This is what a fighter looks like.
Meet Heather. Born with cystic fibrosis, she had to fight every day to stay healthy, fight every day to breathe. “My whole life, I had to do chest physical therapy and a nebulizer at least two times a day, and if I was sick, three or four times, and that took 90 minutes every time. I had to wake up at 6:30 in the morning so I could be ready to leave for school by 8:00 am.”
But at 19, her health was rapidly declining. By the fall of that year, “My lung functions were getting to about fifteen percent,” says Heather. “I had been declining so long, and my body was getting really tired. The transplant team didn’t think I was going to make it to the New Year if I didn’t get the transplant.”
In November, however, Heather got the call. In a nearly 15-hour surgery involving more than 50 healthcare professionals, Heather received new lungs and a liver.
Her recovery wasn’t easy. She spent another 147 days in the hospital battling complications. Her kidneys shut down. Three years on dialysis followed, until, with her mother as her donor, Heather received a kidney transplant.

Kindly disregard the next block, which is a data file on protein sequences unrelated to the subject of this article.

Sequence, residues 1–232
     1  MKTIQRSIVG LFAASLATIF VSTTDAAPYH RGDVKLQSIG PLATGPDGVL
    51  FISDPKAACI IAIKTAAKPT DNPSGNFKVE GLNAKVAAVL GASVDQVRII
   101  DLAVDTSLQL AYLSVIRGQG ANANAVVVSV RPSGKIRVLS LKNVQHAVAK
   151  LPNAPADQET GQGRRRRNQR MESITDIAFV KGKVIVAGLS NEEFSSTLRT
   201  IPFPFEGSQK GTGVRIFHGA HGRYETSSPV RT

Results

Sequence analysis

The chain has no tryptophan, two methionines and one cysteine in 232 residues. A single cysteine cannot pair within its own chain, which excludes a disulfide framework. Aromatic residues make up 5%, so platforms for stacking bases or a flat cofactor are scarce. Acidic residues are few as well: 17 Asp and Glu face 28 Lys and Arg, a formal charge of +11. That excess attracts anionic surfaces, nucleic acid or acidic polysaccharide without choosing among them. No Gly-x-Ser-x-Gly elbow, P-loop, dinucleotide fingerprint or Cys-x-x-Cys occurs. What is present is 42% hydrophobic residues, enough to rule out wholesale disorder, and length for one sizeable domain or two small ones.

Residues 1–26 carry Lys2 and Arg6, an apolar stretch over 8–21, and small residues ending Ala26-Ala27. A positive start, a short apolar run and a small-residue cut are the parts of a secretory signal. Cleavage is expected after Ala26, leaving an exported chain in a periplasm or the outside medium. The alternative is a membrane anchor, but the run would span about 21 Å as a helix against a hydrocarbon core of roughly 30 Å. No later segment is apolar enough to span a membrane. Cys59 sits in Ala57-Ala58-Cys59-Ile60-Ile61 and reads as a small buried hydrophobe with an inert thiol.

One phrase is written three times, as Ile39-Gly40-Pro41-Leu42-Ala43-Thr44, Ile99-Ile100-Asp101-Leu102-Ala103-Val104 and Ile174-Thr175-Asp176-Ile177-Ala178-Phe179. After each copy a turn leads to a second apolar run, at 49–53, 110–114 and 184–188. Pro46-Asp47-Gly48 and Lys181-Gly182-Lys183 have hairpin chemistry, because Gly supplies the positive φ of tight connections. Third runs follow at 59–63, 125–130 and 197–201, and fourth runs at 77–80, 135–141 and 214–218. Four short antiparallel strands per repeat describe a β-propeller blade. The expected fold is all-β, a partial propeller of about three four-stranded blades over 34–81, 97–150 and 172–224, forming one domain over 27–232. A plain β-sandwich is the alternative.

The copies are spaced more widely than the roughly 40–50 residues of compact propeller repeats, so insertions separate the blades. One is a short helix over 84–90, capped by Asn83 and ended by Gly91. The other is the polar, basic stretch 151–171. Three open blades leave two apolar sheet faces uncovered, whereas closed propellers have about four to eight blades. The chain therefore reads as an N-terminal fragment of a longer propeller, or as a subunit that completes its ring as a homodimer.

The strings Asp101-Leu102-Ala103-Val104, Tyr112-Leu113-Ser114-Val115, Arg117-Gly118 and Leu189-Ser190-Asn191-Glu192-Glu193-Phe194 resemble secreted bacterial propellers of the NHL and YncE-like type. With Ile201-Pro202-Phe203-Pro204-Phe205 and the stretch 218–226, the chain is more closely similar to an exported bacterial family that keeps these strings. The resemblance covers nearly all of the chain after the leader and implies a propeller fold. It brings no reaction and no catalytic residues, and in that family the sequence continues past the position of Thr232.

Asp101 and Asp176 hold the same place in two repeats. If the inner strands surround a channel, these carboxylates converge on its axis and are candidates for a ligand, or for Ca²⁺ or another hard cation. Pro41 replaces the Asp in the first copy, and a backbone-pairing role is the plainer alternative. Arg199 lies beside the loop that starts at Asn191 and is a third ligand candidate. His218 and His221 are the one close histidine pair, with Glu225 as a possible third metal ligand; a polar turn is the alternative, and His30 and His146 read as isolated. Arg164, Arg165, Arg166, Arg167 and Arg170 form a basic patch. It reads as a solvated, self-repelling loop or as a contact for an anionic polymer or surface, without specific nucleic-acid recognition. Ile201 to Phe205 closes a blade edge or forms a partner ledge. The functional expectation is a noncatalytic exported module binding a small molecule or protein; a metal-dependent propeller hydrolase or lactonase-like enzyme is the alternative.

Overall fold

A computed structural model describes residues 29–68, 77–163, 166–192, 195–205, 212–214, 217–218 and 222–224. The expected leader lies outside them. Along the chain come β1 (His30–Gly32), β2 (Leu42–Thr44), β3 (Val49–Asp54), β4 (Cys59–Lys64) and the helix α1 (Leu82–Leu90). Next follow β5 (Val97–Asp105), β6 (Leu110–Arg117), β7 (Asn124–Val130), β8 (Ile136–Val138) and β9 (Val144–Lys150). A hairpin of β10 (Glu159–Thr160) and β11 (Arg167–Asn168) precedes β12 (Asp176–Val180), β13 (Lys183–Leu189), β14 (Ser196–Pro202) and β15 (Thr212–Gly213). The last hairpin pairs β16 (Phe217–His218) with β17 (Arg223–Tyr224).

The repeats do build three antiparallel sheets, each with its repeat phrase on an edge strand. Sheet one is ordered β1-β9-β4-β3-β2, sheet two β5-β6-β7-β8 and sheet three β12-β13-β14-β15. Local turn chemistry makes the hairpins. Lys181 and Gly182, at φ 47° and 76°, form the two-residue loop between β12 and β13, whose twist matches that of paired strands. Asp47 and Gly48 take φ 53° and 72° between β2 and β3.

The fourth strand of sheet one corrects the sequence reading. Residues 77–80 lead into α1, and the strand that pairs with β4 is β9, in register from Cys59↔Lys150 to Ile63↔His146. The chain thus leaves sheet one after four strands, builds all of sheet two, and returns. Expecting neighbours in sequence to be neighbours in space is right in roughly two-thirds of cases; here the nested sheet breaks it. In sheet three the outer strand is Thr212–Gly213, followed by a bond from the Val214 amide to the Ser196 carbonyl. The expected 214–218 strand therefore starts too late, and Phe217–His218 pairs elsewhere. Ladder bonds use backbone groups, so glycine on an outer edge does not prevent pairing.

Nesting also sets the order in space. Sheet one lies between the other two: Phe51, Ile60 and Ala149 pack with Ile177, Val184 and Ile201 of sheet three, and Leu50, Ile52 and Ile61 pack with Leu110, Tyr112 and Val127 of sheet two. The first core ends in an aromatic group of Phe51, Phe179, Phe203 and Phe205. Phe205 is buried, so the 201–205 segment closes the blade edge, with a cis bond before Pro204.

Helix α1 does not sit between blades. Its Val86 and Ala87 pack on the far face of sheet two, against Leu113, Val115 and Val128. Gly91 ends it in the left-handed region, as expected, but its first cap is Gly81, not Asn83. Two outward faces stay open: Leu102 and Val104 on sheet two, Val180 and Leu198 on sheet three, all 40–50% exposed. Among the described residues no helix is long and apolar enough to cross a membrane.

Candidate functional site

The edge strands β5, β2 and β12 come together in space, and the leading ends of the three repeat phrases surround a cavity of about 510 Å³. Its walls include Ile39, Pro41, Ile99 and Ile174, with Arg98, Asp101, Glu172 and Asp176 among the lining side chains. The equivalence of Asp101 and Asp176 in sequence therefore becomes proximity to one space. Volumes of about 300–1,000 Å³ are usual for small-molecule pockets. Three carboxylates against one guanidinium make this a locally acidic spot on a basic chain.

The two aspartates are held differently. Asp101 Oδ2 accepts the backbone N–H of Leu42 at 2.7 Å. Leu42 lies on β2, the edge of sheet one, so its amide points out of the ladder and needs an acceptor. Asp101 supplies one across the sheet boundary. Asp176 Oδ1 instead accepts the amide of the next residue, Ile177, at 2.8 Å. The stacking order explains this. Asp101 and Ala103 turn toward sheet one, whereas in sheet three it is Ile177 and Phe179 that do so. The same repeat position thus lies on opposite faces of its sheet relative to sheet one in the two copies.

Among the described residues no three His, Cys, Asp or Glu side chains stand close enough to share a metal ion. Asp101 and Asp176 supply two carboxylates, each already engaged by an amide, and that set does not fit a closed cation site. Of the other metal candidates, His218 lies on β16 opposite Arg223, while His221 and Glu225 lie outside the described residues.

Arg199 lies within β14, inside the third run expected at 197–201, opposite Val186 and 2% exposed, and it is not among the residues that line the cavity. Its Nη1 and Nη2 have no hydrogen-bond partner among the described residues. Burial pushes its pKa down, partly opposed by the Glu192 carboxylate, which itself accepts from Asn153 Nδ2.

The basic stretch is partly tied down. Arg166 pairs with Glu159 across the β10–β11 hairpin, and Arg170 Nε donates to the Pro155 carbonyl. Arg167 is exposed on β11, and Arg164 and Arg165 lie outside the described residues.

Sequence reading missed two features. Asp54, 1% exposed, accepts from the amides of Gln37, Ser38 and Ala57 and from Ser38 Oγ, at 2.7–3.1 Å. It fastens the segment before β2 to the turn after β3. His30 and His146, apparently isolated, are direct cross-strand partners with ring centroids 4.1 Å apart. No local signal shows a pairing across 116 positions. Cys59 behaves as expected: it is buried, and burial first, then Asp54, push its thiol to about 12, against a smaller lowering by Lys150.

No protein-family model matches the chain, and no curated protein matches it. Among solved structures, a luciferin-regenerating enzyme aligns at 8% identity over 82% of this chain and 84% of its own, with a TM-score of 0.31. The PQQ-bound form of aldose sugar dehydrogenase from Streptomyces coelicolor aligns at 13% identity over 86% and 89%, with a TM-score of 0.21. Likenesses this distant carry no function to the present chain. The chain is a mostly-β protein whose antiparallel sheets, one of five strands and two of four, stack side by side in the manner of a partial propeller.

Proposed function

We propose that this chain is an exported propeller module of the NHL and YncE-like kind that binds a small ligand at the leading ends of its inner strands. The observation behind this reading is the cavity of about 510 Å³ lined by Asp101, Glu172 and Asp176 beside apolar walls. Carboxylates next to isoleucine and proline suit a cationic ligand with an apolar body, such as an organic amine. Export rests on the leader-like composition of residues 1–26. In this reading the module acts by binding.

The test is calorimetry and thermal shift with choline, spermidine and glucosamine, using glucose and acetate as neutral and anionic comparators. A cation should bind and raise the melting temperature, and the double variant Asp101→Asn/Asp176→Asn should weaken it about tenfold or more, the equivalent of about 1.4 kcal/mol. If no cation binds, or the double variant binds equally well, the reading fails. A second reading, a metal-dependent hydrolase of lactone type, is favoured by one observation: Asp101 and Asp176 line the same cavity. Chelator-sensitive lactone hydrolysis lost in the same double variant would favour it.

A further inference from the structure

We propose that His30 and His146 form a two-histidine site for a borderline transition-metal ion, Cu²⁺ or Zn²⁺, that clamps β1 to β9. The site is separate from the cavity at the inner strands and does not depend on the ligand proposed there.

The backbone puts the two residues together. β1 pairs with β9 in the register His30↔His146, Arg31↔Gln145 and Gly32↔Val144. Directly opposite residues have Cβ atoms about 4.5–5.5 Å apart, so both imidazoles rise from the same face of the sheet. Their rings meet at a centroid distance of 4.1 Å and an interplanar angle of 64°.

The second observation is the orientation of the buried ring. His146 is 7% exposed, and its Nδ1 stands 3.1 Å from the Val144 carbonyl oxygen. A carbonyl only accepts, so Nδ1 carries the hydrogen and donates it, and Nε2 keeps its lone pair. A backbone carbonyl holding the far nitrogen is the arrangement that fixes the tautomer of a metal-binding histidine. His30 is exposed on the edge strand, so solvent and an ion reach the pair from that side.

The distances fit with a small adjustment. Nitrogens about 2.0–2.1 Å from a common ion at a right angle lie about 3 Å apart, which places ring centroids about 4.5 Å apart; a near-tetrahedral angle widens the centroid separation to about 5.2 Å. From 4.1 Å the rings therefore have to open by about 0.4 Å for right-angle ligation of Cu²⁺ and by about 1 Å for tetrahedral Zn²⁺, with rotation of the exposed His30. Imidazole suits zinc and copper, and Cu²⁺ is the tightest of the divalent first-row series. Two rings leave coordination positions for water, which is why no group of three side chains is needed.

Yet during those difficult years, she also returned to school. “Going back to school gave me something that I had control over,” Heather says. “School has always been such an important thing to me and I have always taken it very seriously.” Following her second transplant she completed her associate’s degree, then continued on to earn her bachelor’s, graduating with the highest GPA in her major concentration.
She reached out as well to the family of the donor who had given her not only the gift of life, but of every breath, and she has since become close with her donor’s daughters, attending both their weddings. “My donor family has become our family too,” Heather says.
“Transplant allows us to do the things we love and want to do in life,” says Heather. “You never know if you or your loved one is going to need an organ, and you are going to hope that someone out there has made the choice to be a donor.”